IMF – Kenya


A team from the International Monetary Fund (IMF), led by Mr. Mauro Mecagni, visited Kenya from May 20−June 2, 2015 to conduct discussions on the first review under the precautionary Stand-By Arrangement and an arrangement under the Stand-By Credit Facility (SBA/SCF).

The 24-month precautionary SBA/SCF with a total access of SDR 488.52 million (about US$688.3 million) was approved by the IMF’s Executive Board on February 2, 2015 (see Press Release No. 15/29).

At the end of the mission Mr. Mecagni released the following statement:

“Kenya’s economy remains resilient in the face of headwinds, with real GDP projected to grow by around 6½ percent in 2015, supported by rising infrastructure investments, lower energy prices, and a dynamic private investment environment. Inflation has remained within the government’s target range, declining to below 7 percent in May partly due to lower prices of some domestic food crops. The external current account deficit widened to about 10 percent of GDP in 2014, reflecting the strength of capital goods imports and a decline in tourism receipts owing to ongoing security concerns. Consistent with developments in international financial markets, as of end-May the Kenyan shilling depreciated against the US dollar by 7.8 percent, but appreciated against the euro by 2.8 percent from the beginning of the year. The CBK stepped up its monetary operations and has intervened in the foreign exchange market to mitigate heightened volatility of the shilling in recent weeks. Gross international reserves, equivalent to US$7.3 billion at end-May, remain adequate.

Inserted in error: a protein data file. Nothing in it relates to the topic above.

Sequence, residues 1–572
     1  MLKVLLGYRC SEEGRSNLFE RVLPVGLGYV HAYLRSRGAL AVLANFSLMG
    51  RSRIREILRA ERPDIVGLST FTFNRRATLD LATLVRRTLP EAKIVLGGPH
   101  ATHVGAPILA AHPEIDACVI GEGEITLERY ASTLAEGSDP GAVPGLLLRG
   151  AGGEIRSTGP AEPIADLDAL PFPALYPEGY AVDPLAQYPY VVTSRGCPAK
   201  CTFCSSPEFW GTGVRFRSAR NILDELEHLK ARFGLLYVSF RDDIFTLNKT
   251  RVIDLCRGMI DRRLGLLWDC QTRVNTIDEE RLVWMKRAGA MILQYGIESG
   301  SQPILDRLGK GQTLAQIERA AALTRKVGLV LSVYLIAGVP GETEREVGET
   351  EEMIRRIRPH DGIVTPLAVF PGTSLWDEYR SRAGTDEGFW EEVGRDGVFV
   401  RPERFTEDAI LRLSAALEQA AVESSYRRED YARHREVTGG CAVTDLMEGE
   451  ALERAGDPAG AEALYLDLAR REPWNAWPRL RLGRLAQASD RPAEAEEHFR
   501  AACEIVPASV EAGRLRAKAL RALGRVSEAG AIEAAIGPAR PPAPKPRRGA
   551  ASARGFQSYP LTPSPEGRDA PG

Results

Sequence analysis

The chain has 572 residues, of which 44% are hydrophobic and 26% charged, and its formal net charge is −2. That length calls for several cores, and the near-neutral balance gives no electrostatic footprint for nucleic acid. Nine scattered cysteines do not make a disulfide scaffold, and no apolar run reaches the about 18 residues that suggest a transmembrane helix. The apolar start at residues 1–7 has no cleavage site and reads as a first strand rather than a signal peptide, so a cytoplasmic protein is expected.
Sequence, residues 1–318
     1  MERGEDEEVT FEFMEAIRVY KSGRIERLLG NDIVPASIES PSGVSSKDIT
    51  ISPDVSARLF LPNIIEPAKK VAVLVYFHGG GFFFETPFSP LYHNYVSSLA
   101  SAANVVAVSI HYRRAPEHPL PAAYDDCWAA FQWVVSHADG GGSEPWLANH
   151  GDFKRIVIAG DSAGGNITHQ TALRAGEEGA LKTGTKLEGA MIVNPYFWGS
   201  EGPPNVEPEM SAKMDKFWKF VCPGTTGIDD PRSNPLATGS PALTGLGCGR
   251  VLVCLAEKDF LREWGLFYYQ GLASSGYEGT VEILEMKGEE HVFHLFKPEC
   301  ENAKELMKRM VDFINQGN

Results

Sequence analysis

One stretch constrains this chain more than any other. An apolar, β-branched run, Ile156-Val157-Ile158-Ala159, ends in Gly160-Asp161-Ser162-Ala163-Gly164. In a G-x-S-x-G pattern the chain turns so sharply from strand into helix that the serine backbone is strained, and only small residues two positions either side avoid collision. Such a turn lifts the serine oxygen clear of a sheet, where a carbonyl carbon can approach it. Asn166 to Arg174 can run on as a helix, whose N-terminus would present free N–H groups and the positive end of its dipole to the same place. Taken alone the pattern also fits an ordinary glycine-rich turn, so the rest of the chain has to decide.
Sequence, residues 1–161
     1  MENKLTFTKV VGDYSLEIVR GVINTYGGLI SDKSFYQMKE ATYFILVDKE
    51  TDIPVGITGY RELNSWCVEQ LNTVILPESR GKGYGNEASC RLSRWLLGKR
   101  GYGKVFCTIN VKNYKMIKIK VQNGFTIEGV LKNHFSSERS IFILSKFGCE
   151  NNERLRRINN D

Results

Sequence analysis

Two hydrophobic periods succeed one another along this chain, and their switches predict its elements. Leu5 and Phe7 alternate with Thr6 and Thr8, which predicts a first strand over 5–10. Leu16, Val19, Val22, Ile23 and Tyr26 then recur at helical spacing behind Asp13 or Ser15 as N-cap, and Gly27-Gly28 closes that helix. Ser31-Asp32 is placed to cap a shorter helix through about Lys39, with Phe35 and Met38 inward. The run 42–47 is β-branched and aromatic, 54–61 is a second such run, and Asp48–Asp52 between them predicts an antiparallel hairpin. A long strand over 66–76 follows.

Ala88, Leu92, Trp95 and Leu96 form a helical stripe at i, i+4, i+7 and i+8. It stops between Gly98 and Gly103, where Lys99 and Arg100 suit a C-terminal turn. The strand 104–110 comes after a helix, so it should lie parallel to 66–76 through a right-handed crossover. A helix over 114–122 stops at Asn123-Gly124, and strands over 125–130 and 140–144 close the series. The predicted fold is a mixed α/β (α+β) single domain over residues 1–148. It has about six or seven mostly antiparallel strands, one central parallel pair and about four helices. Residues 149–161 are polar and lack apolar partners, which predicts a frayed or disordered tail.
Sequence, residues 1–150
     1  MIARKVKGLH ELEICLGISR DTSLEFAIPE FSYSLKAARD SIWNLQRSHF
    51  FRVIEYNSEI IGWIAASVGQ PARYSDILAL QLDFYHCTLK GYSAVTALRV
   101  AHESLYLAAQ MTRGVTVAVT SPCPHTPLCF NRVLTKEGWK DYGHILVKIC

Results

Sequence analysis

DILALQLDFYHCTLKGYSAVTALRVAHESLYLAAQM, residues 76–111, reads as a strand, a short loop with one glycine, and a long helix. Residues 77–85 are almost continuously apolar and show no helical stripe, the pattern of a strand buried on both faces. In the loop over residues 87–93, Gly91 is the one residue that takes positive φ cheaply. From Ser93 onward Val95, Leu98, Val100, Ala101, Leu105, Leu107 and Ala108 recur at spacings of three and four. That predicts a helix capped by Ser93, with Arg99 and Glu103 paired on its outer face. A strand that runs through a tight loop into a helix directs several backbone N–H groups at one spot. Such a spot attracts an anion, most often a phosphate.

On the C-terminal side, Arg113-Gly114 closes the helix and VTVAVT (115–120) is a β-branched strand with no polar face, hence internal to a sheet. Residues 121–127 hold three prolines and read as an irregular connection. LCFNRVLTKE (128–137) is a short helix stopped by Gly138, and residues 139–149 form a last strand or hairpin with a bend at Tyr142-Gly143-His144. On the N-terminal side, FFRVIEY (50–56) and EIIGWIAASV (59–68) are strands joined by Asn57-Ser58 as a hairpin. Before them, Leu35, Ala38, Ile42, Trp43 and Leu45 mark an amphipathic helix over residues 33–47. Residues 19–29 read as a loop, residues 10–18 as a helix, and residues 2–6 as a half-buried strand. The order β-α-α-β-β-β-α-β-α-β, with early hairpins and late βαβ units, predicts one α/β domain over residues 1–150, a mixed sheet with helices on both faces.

“Discussions focused on policies to support economic growth, while preserving macroeconomic stability. On the fiscal front, the implementation of the Standard Gauge Railway (SGR) project has proceeded at a faster-than-envisaged pace, but revenue has performed below expectations. Higher expenditure in the last quarter of FY2014/15 mainly reflects enhanced efforts to improve security conditions following the Garissa attack and budgetary support for the weakened tourism industry. These factors are expected to carry over into FY2015/16. The fiscal deficit is projected to rise above the original targets in both FY2014/15 and FY2015/16. The mission urged the authorities to boost efforts to mobilize domestic revenue and restrain current spending, so as to preserve room for critical priorities, notably closing infrastructure gaps, supporting an orderly devolution process, and strengthening the social safety net.

“The mission welcomed progress on a number of structural reforms envisaged under the program and encouraged the authorities to continue to work on important reforms aimed at improving the government’s cash management, advancing devolution, and consolidating the use of e-procurement for government purchases.

“Significant progress was made during the discussions for the first review under the SBA/SCF. These discussions will continue in the coming weeks. The mission team thanks the authorities for their hospitality and cooperation and for constructive discussions.

“The mission met with the Cabinet Secretary for the National Treasury, Mr. Henry Rotich; the Principal Secretary for the National Treasury, Mr. Kamau Thugge; the Deputy Governor of the Central Bank of Kenya (CBK), Mr. Haron Sirima; members of the CBK Monetary Policy Committee, and other senior government officials. Staff also had productive discussions with parliamentarians, representatives of the private sector, and development partners.”

Source: International Monetary Fund (IMF)


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